• Dr. Davis says:

      Terrific, Nancy!

      In some ways, we are having to remember the lessons that our parents and grandparents tried to pass onto us that we thought were outdated!

  10. Jane says:

    Hungry for Chicken Nuggets? The recipe in Wheat Belly Cookbook is awesome! Definitely one I will be repeating! Last week I made the Basic Bread – delicious! Also, I received 500 Paleo Recipes today; looking forward to ‘reading’ it and trying something else new. Thank you so much for all you do Dr. Davis!

  11. Holly says:

    Dr. Davis, Your flaxseed wrap is one darn good wrap. Better than the original. SO many possibilities. SO easy to make. I made up several batches of the dry ingredients so all I have to do is add the wet ingredients when I want one darn good wrap. I’m thinking of a sweet one with chocolate to slater with cream cheese. Thanks! I could kiss you. I LOVE wraps.

    • Dr. Davis says:

      Wow, that’s great, Holly!

      Coincidentally, I was just about to make my own dry mix for future multi-wrap efforts!

  12. Shannon says:

    Dr Davis,
    My husband and I have been on the diet for a month with fantastic results- energy, weight loss, no aches & pains, etc. We love the cookbook but I have an allergy to eggs & many cheeses. I crave the biscuits and love the chocolate desserts. Since they require eggs and cream cheese respectively, would you have recipes for substitutions? I saw in the book that you can substitute apple sauce for eggs, but in what proportions? Also, any substitute for cream cheese? And while I’m at it, coconut milk and coconut flour? I’m desperate for the biscuits but seem to be getting sinus and other issues with the eggs! Many thanks for helping us all out with this diet and education!! Thanks, Shannon

    • Shannon says:

      Any substitution ideas for eggs?

      • Barb in NC says:

        I’ve read that chia seeds can work, but haven’t tried it. I think you soak them for a while, until they become sort of gel like and have similar binding quality as eggs would. also Flax seed meal can work in this way.

  13. Laura says:

    Dr. Davis,
    You seem to really have hit a home run with these findings! Congratulations on raising awareness to promote health by reducing wheat associated co-morbidities!
    I do have a question for you with regard to the NON-Celiac population. Are whole grain Rye (dark bread made without wheat flour) and Oats permitted?
    Thank you,

    • Dr. Davis says:

      Rye is virtually equivalent to wheat, so I would avoid. Oats have such awful glycemic consequences that I would put that in the trash, as well.

      In the end, you will find that ALL grains have problems and invite compromises in health. Wheat is by far the worst, followed by corn, then followed by all the non-wheat grains.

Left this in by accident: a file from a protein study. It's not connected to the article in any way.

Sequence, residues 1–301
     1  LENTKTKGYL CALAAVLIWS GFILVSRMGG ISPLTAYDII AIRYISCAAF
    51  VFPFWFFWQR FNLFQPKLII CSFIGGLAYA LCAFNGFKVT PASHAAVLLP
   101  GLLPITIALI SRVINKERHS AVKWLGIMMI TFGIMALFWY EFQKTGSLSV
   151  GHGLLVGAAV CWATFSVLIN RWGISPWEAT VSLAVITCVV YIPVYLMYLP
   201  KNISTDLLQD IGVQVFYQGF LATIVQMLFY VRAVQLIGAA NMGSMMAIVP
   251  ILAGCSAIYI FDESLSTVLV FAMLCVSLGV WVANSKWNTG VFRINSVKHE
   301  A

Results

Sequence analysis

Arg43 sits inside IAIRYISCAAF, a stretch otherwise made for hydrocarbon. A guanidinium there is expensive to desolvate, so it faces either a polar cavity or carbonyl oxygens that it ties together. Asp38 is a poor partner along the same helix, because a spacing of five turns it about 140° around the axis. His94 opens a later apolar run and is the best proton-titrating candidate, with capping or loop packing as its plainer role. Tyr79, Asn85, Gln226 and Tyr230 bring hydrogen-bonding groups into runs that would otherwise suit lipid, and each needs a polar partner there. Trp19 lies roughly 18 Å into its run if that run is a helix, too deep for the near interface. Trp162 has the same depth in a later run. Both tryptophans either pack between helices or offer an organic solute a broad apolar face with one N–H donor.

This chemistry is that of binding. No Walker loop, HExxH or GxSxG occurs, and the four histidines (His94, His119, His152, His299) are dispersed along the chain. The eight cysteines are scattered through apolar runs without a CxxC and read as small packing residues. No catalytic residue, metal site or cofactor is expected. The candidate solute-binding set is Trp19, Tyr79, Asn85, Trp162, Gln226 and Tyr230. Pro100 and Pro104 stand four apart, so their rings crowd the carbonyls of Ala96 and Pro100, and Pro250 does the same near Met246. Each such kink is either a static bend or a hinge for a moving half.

14. Tanja says:

    This cookbook needs a support blog. I’m a fairly good cook/baker when using mainstream ingredients but am having a terrible time figuring out what is normal in these recipes and what is going wrong. For example, this evening we are trying the ‘Pizza Crust 1′. Is it supposed to act like a dough or end up more like a thick batter? There was no hope of “rolling” it between parchment. I spooned it on to the parchment lined cookie sheet and spread it with the back of my silicone spatula. Honestly, for most recipes it probably doesn’t matter but for the bread substitutes, we really need to know what consistency things should be at different stages.
    Also, how would you recommend substituting something instead of almond meal/flour. All flours react very differently and substituting one for one doesn’t tend to work because of how they absorb the liquids. Nut products are absolutely NOT ALLOWED in our schools and I have yet to find a ‘treat’ type recipe in here that I can send to school with my kids. Help here would be greatly appreciated. Thanks.

    • Dr. Davis says:

      This IS the support blog for the cookbook, Tanja.

      Re: dough consistency. It should be roughly the consistency of wheat dough, though a little stickier and less cohesive (given the lack of gluten).

      See this Wheat Belly Blog post about nutritionally safe flours:http://www.wheatbellyblog.com/2012/04/wheat-belly-safe-flours/

      • Tanja says:

        Sorry, yes, I figured this was the support blog and while I am finding many informative articles, I am not having much luck finding help with the recipes themselves. Maybe that’s part of what will be coming under the ‘recipe library’ link once it’s up and running?

        • Tanja says:

          Oh, and thank you for the reply to the dough consistency. Mine was not dough like at all but once I spread it out and baked it, the end result was successful, regardless. A very tasty, HAND HELD pizza crust! Which was the goal, after all :)

        • Boundless says:

          > Maybe that’s part of what will be coming under the
          > ‘recipe library’ link once it’s up and running?

          Actually, that feature used to work, but stopped sometime last year.

          At this point, it might get fixed, but it’s probably more likely that this blog will be supplemented by a more fully-featured web site, perhaps with a proper forum, and with any luck, a wiki for insights on specific foods, ingredients and supplements, and refining recipes.

  15. DL says: